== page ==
A 6’5”, 240-pound wideout who creates mismatches on the outside and excels in jump-ball situations, Benjamin is the only receiver on Carolina’s roster who comes close to possessing the traits of a No. 1 wide receiver.

    Although he is a solid route-runner who was a key component of Florida State’s national championship season this past year, Benjamin’s game is very much a work-in-progress, and he might struggle to separate from faster cornerbacks in the NFL.

    His competition for a starting job, however, consists of Jerricho Cotchery, Jason Avant and Tiquan Underwood, who have a grand total of one 1,000-yard receiving season (Cotchery in 2007) in 23 combined years in the NFL. Benjamin has the most playmaking potential in the group, so it’s likely the Panthers will have the No. 28 overall pick in the lineup from Day 1.

Dominique Easley, DT, New England Patriots: Sell

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    As long as he is fully recovered from the ACL tear he suffered during a practice at Florida last September, No. 29 overall pick Dominique Easley should be a significant factor in the New England Patriots defensive line rotation right off the bat. It’s less likely, however, that he’ll be in the starting lineup by Week 1.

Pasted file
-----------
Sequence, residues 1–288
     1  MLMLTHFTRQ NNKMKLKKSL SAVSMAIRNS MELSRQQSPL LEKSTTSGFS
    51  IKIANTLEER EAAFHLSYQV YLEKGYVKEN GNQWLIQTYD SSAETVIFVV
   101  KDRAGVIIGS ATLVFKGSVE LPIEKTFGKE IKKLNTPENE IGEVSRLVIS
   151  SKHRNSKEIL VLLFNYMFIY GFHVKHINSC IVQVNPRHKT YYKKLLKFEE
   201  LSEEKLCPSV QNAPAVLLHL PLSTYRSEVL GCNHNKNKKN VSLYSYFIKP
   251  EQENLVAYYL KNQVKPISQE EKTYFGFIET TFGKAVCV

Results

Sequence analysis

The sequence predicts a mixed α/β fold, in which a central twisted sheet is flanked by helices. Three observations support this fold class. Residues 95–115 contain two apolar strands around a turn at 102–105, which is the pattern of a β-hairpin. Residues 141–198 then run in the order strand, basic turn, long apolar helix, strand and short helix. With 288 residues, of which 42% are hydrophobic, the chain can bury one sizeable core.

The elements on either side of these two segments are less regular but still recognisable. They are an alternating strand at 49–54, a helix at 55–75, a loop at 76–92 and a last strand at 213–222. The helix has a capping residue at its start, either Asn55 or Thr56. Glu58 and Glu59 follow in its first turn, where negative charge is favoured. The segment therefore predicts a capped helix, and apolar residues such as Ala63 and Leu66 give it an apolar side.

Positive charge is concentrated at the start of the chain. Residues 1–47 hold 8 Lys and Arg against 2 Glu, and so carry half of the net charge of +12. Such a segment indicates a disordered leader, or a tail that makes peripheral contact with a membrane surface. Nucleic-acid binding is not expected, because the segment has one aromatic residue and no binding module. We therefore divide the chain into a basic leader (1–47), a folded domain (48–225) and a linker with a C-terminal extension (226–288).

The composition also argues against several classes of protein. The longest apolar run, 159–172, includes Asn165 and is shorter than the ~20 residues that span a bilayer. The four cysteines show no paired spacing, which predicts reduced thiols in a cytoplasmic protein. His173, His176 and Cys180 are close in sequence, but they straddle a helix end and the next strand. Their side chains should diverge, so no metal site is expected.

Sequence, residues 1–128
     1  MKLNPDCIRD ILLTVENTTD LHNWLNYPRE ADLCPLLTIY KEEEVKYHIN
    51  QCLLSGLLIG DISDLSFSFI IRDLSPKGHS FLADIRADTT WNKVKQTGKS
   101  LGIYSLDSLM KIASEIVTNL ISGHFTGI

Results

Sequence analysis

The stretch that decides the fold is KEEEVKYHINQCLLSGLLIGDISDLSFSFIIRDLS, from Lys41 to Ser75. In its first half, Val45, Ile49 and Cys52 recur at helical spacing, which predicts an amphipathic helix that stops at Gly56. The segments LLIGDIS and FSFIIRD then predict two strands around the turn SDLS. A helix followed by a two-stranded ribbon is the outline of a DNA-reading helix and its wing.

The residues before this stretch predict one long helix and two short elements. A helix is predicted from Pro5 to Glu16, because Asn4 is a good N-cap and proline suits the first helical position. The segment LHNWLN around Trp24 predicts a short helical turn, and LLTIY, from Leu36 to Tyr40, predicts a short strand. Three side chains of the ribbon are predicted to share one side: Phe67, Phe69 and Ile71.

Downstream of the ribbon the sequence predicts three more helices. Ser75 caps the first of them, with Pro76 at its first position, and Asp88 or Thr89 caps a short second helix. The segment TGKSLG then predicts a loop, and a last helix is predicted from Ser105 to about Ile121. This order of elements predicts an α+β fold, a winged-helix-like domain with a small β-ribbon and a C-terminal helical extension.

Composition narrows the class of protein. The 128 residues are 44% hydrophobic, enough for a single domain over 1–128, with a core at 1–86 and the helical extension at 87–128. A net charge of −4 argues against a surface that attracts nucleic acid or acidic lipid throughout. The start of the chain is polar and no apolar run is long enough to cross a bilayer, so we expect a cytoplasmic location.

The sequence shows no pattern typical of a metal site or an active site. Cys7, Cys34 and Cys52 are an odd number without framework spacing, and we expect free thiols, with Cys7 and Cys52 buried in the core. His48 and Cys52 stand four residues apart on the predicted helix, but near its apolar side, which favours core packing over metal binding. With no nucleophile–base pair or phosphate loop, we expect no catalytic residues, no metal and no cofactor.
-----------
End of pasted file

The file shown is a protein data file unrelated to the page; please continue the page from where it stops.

He is the explosive, penetrating interior defensive lineman that the Patriots have lacked for years. Ideally suited for the 3-technique tackle position in New England’s four-man fronts, he has the physical traits to also play nose tackle and defensive end situationally. He should immediately become the team’s best interior pass-rusher.

    All of that should make him a regular on the field for the Patriots early on in his career. But even if he ends up seeing a majority of snaps in 2014, it’s likely he’ll start games on the bench behind veteran defensive tackles Vince Wilfork and Tommy Kelly, assuming they have fully recovered from injuries that ended their seasons prematurely last year.

Jimmie Ward, CB/S, San Francisco 49ers: Sell